I had a priest give me a guide through the ghats. I was just standing there, watching the fires, and he came up and started talking. I tried to ignore him, but he was really interesting. He explained the process to me. The families carry the bodies through town down to the river. The body is given a final bath in the Ganga. The ceremonial orange clothes are then removed and placed in the river. The body, with a white robe-like outfit is brought to shore and placed on an organized piled of wood (pyre). The body is sprinkled with sawdust and spices. A designated member of the family get's his head and beard shaved. He then brings a fire down from a temple. The fire in the temple has been burning for 1,500 years. Only men attend the funerals. Women get emotional and several have died from jumping on to the fire to embrace the deceased one last time (keep in mind this is the priest talking and not me). He took me for a walk around the burning pyres. I seriously wanted to take some pictures because you really need a visual to get a sense of what's happening. But photography of the cremations is strictly prohibited and are considered very disrespectful to the families.

Not everyone is burned. Holy men, children under 14, pregnant women, and people who died from a cobra bite are not cremated. Their bodies are simply thrown in the river and are eventually eaten by dogs, pigs, and other animals. When animals die, they are thrown into the river. I took both a dawn and sunset boat ride down the Ganga and saw a few decomposing bodies during the boat ride.

There are several hospices around the burning ghat where the elderly and the sick come and wait to die. He asked if I wanted to see one of them. I said ok and he took me in and introduced me to the caretaker. They asked for money to help pay for wood for the cremations for the poor people in the hospice. This could have been a scam, but it seemed like a good one. I offered 200 rupees and they wanted 450. I was in an argument about how much to donate to pay for wood to burn bodies of poor people. It was one of the more strange arguments I'd been in. I'd read in my guidebook that they try to get you to donate some outrageous sum. Nevertheless, when it was apparant I wasn't giving any more money, they accepted and gave me a blessing.

Other photos around Varanasi.

A guy on a ghat who was washing a cow.

Indians are absoultely crazy about cricket. I don't understand cricket at all. Best I can tell, it's kind of like baseball but more boring and the games take longer (if you can believe that).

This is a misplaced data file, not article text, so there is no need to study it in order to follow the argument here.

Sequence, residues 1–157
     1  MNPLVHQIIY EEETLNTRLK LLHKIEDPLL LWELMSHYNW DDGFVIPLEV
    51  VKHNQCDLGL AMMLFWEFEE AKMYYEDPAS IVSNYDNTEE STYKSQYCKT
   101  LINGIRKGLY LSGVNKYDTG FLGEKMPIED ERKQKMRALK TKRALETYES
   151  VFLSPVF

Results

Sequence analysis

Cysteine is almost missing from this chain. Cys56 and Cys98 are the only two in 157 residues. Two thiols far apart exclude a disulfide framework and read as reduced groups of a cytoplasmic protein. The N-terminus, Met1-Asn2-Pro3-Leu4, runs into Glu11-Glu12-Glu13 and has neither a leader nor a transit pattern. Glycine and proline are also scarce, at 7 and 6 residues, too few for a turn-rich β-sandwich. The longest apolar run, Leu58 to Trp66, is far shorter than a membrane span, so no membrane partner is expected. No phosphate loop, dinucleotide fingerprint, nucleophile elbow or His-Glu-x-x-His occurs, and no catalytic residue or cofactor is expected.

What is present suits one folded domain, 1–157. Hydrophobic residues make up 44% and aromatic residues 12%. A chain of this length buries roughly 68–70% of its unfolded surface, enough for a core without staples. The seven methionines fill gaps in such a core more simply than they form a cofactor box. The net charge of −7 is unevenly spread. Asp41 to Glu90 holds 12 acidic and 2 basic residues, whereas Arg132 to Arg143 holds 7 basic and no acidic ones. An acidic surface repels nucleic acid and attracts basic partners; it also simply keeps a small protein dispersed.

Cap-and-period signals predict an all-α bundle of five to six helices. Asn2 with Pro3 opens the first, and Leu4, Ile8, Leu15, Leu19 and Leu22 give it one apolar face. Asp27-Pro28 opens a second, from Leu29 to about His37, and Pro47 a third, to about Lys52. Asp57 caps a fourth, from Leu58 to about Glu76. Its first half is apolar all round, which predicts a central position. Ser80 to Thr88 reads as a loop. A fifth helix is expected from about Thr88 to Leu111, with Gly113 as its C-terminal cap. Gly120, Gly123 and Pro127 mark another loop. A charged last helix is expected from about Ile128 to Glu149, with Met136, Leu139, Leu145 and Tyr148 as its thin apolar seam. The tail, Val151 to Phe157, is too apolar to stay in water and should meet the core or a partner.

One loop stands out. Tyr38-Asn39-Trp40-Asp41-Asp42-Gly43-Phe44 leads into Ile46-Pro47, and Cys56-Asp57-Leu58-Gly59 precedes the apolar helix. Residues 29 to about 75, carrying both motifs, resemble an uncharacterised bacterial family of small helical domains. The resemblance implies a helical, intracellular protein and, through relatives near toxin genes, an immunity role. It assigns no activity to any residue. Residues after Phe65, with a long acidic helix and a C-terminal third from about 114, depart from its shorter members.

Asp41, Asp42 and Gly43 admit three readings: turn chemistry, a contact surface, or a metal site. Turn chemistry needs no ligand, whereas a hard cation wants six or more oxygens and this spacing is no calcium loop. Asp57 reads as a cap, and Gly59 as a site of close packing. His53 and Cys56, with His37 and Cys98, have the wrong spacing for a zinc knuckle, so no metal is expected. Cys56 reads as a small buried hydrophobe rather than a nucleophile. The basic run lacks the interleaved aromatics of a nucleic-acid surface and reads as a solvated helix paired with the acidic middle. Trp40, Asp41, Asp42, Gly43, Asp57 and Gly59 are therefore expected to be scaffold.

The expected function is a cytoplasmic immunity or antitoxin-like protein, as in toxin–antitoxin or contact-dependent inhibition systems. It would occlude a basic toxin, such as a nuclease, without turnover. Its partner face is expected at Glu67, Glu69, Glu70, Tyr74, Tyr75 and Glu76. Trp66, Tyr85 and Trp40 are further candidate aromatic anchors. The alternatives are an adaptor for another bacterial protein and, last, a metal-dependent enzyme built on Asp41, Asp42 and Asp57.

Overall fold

Beer is widely available in India. Usually costing around $2.50 Normally I would be very happy with $2.50 beer, but when hotel rooms cost $3-6, spending that much money on a beer seemed indulgent.

This is the longest I've ever gone without eating beef. Eating beef is illegal here since the Hindus consider the cow to be sacred. Pork is also not very common due to India's substantial Muslim population. Mutton and chicken were pretty much the only meats available. But meat is not very commonly consumed and the vast majority of Indians rarely eat meat. I would see a cow walking down the street and it's head would turn into a cartoon picture of a big juicy steak, or a cheeseburger. I knew then it was getting time to go somewhere where I could get me some cow.

On May 5 I left Varanasi, taking an overnight train to Amritsar.

Amritsar is home to the Gold Temple, a holy site for the Sikh religion. Sikh is a mixture of Islam and Hinduism, but really different from either. Sikhs from all over the world come to make pilgramiges to the Palace. The Sikhs are very welcoming and offer a place to stay and meals for people of all faiths. I stayed in an onsite dormitory specifically for westerners. Some people were sleeping outside on a marble floor. The meal was a simple one of lentil curries, chipati flat bread, and water. Everyone would take a tray, bowl, and a spoon and sit on the floor in this massive room. Sikhs came by and served food. The meal and lodging were free, but they asked for donations. This was one place where I felt like a good donation was warranted.

Sikhs from all over come to bathe in the pool waters.

Outside the dining hall. Platters used in feeding the pilgrims and guests.

Most Sikhs wear turbans, have long beards, and carry swords.